By Lisa Lambert
WASHINGTON (Reuters) - Retailers moving into old downtown buildings, an abundance of freshly planted greenspaces, and a stream of new jobs in Knoxville, Tennessee, are all signs to Mayor Madeline Rogero that for the last year prosperity has been blooming in her city.
"We feel very good about how we're coming out of this recession," Rogero said. "We see new interest. We see new development that's occurring. We're optimistic that this recovery is going to continue."
Knoxville is a member of a very small club. Three and a half years since the 2007-09 economic recession ended, only three major U.S. metropolitan areas are experiencing an economic recovery, according to the Brookings Institution.
The Washington-based research group has also deemed Dallas and Pittsburgh in recovery after analyzing their employment levels and gross domestic product per capita.
The United States has the most major metropolitan economies of all countries - 76 - according to an annual report on the 300 largest metropolitan economies worldwide that Brookings released on Friday.
"It was still better than last year when the U.S. had no metro recoveries," Brookings Associate Fellow Emilia Istrate said.
Istrate said the three cities had two features in common: strong local services such as healthcare, and business and financial services that cater to specific industries.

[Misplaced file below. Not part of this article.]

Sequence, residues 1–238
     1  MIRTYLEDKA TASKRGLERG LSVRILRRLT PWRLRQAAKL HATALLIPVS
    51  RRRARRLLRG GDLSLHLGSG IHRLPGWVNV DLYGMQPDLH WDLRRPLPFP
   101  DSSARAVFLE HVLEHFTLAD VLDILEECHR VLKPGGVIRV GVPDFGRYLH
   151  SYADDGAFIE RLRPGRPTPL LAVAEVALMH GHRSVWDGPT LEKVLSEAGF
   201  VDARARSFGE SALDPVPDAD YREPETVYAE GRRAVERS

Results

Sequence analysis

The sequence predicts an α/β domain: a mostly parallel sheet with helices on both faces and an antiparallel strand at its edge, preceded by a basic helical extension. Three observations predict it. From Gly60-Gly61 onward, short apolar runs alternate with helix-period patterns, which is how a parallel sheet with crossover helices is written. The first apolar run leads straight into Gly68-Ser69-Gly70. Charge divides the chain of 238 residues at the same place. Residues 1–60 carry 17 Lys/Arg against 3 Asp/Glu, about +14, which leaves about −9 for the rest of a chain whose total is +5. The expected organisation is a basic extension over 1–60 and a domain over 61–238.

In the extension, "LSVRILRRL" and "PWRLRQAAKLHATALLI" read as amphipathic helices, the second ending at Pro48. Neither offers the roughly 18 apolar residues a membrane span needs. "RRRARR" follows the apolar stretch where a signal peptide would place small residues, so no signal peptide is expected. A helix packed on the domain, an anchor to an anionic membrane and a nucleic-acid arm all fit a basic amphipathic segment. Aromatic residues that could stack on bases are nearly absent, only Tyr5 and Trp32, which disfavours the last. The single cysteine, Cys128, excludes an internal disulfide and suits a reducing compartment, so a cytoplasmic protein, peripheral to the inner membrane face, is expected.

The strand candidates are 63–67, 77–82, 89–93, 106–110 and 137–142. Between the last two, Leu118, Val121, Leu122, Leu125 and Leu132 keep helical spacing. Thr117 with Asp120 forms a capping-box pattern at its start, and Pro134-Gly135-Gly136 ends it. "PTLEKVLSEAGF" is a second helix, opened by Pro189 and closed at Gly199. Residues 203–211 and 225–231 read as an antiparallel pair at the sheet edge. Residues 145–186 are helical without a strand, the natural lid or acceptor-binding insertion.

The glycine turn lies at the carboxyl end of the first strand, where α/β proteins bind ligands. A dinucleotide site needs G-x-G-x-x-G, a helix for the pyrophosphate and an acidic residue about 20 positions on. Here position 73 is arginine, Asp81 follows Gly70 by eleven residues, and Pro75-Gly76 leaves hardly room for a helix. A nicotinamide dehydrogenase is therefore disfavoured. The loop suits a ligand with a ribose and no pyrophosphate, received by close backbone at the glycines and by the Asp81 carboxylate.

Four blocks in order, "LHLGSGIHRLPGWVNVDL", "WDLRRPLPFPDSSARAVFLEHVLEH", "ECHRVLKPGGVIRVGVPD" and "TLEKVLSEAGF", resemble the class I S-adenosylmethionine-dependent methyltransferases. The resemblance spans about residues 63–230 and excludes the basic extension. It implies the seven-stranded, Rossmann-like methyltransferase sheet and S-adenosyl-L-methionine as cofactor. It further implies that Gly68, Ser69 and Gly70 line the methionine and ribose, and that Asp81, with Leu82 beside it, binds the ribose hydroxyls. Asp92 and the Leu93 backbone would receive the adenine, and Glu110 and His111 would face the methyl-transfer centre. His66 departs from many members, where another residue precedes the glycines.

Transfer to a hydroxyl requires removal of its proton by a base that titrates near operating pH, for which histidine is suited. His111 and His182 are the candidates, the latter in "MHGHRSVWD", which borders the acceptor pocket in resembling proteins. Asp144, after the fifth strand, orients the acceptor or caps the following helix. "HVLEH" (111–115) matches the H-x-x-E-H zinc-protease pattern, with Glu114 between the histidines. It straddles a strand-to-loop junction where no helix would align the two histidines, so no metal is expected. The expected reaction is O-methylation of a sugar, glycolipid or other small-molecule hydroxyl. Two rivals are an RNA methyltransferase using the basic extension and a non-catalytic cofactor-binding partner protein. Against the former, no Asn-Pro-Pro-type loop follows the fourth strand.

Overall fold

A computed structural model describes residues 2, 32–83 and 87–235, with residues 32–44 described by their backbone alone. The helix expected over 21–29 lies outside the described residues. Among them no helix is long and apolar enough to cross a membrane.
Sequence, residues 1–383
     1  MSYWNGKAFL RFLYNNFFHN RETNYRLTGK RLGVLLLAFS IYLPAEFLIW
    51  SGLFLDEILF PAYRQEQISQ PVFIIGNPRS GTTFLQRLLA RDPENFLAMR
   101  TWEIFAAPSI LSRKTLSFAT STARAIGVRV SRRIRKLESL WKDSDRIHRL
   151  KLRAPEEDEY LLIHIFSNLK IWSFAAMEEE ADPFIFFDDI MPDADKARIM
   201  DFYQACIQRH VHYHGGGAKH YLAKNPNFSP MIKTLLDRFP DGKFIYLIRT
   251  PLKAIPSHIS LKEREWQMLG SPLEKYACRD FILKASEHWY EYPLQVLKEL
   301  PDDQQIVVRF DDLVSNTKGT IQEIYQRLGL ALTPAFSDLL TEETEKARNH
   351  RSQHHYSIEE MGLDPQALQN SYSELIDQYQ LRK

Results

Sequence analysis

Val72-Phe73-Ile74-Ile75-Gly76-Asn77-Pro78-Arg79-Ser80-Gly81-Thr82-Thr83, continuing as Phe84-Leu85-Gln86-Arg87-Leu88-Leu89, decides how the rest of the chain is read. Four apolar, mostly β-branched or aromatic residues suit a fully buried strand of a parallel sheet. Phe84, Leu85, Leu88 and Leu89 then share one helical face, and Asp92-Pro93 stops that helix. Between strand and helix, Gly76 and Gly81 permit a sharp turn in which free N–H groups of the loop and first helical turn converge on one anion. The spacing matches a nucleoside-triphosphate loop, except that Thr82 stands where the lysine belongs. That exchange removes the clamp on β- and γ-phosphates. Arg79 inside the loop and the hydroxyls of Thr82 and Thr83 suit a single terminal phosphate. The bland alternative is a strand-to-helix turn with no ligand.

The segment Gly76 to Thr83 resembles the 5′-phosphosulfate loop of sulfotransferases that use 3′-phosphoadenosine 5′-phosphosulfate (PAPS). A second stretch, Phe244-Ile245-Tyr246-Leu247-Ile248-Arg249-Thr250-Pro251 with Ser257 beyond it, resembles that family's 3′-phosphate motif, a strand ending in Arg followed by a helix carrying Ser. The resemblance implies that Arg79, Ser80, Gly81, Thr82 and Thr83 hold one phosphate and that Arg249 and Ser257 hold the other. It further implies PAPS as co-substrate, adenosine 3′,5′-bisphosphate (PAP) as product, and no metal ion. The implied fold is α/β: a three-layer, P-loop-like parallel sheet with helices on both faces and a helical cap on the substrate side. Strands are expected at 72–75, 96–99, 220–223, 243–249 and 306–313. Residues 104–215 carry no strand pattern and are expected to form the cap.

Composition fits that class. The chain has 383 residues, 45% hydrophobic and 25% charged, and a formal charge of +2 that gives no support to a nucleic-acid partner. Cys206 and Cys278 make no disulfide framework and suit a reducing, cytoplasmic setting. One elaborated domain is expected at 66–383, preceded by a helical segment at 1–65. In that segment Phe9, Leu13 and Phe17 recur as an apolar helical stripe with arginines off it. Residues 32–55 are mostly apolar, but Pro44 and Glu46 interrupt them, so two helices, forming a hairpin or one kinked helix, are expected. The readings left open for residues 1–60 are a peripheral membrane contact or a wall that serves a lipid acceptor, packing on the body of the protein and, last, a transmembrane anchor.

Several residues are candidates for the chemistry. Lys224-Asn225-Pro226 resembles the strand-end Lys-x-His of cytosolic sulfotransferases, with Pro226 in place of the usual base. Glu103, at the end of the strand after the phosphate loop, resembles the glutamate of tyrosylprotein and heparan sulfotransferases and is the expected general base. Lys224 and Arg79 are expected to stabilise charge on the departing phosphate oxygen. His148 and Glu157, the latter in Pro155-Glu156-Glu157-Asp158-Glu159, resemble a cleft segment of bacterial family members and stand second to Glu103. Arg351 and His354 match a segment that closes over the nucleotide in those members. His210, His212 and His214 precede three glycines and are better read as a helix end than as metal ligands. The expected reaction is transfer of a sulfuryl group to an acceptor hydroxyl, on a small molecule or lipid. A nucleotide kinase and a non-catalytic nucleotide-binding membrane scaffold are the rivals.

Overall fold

The recession came late to many city budgets. Their primary revenue source - property taxes - took time to fall because of lags in real estate valuations. By the time they dropped, cities were also contending with falling sales and income taxes resulting from job losses.
Many of the splinters the downturn drove into their budgets remain deeply lodged, and cities of all sizes worry about federal spending cuts that are part of the "fiscal cliff."
"Cities are emerging slowly from the Great Recession," said Robert Zahradnik at Pew's American Cities Project, which tracks fiscal conditions and budgets. "In many cities revenues are gradually recovering but there are still some risks out there."
SEEKING TO REPLICATE A RECIPE FOR SUCCESS
Rogero has only been in office for a year. But she remembers, as a resident and as director of the city's community development office, when the recession hit. Sales tax revenues fell. The building inspections department that had always funded itself from fees had to tap the city budget.
"People were losing their jobs. People were losing their homes," she said.
Nonetheless, the city continued investing in infrastructure and fostering private investment, often using funds from the 2009 federal stimulus plan. The goals were to attract businesses and to keep people working on construction jobs such as a housing project for the elderly.
The Pittsburgh skyline partly tells the city's economic story, said Mayor Luke Ravenstahl. A major bank just finished building one skyscraper and started construction on another.
"In my mind, it's already recovered. We employ more people in Pittsburgh than we ever have," he said.
Pittsburgh built up industries before the recession, mostly in what Ravenstahl calls "eds and meds" - universities and healthcare. Then the shale gas boom put its business services in high demand. Continued...